Processed meats could negatively impact male fertility!

‘Cut out the sausage’ sums up much of the headline advice following recent research into meat consumption and fertility. Research by scientists from Harvard Medical School and Massachusetts General Hospital in the US, and Huazhong University of Science and Technology in China, studied the sperm of 141 men who were attending a fertility clinic. It was found that fertilisation rates in the laboratory were lower for men who consumed a diet high in processed meat. Sperm from men who ate more chicken, had a higher success rate.

The research, funded by the US National Institutes for Health and the China Scholarship Council, stopped short of making any firm recommendations, concluding instead that further research was required. While the study took into account confounding factors known to affect fertility, such as BMI or consumption of caffeine, it did not look at other lifestyle factors that may impact fertility.

The carbs vs fat debate has reignited following a recent study by scientists at the National Institute of Diabetes and Digestive and Kidney Diseases (NIDDK) in the US. Since the publication of low-fat diets such as The Hip and Thigh diet in the late ‘80s, followed by the low-carb Atkins and Dukan diets, the jury has been constantly out on whether eating fewer carbohydrates or less fat is better for weight loss.

However in this latest study, it was found that subjects given a low-fat diet experienced a body fat loss at a staggering rate of 68 per cent higher than those given a low-carb diet. The small study, conducted on 19 non-diabetic, obese men and women gave subjects either low-fat or low carb calorie-equivalent diets. But although the low-fat diet produced higher weight-loss results, it did not have the same impact on insulin production or fat burning. The low-carb diet not only produced weight loss, but also lowered production of the fat-regulating hormone insulin and increased fat burning as expected, whereas fat restriction had no observed changes in insulin production or fat burning.

“Compared to the reduced-fat diet, the reduced-carb diet was particularly effective at lowering insulin secretion and increasing fat burning, resulting in significant body fat loss,” said Kevin Hall, PhD, NIDDK senior investigator and leadstudy author. “But interestingly, study participants lost even more body fat during the fat-restricted diet, as it resulted in a greater imbalance between the fat eaten and fat burned. These findings counter the theory that body fat loss necessarily requires decreasing insulin, thereby increasing the release of stored fat from fat tissue and increasing the amount of fat burned by the body.”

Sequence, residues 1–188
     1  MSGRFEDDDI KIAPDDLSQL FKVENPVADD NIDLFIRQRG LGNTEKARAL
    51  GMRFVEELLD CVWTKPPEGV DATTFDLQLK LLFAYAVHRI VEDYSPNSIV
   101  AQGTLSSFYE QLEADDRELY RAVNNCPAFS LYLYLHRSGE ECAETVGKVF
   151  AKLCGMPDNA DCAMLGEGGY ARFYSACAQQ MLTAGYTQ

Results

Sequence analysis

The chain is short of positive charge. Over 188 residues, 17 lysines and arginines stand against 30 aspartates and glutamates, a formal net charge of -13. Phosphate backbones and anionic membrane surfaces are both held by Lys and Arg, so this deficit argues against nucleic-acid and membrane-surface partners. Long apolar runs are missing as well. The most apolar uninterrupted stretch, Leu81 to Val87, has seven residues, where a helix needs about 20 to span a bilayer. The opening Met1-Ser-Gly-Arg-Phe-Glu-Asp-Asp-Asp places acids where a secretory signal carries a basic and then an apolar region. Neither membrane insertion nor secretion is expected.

Participants stayed at a clinical unit for 24 hours per day for two extended visits, eating the same food and doing the same activities. For the first five days of each visit they ate a baseline balanced diet. Then for six days, they were fed diets containing 30 per cent fewer calories, achieved by cutting either only total carbs or total fat from the baseline diet, while eating the same amount of protein. They switched diets during the second visit.

But before you ditch the healthy fats from your fridge, it is thought that the gap between the two diets would eventually close over time. NIDDK said that researchers had previously simulated the study with a mathematical model of human metabolism, whose body fat predictions matched the data later collected in the study. When simulating what might happen over longer periods, the model predicted relatively small differences in body fat loss with widely varying ratios of carbs to fat. Those results suggested the body may eventually minimise differences in body fat loss when diets have the same number of calories. Also, further research would be needed to assess the physiological effects and health implications of fat and carb reduction in the long term.

A recent Canadian study has concluded that saturated fats do not pose the risk to health found with trans fats. The research, carried out at McMaster University, the University of Toronto, St Michael’s Hospital Toronto, Hamilton Health Sciences, and the Hospital for Sick Children Toronto, and published in the BMJ, looked at 70 previous studies but found no evidence that eating higher amounts of saturated fat, compared to low amounts, raised the risk of death, heart disease, stroke or diabetes. This contrasted against conclusions that eating more trans fats was linkedto an increased risk of death or heart disease.

While some headlines following the research have suggested eating more saturated fats could be healthy the study, which was funded by the World Health Organization, does not conclude this. The authors stated that further research was needed to examine the implications of fat consumption, because the results were based on observational studies that did not establish cause and effect.

According to the NHS, however, trans fats, which were typically found in processed foods, have been almost eliminated from the UK food chain, following previous fears of the impact on human health. The NHS website states: “In fact, due to the negative publicity surrounding trans fats in recent years, food manufactures have virtually removed trans fats from the UK food chain. Most brands of margarine now contain no, or only trace elements, of trans fats.” [1]


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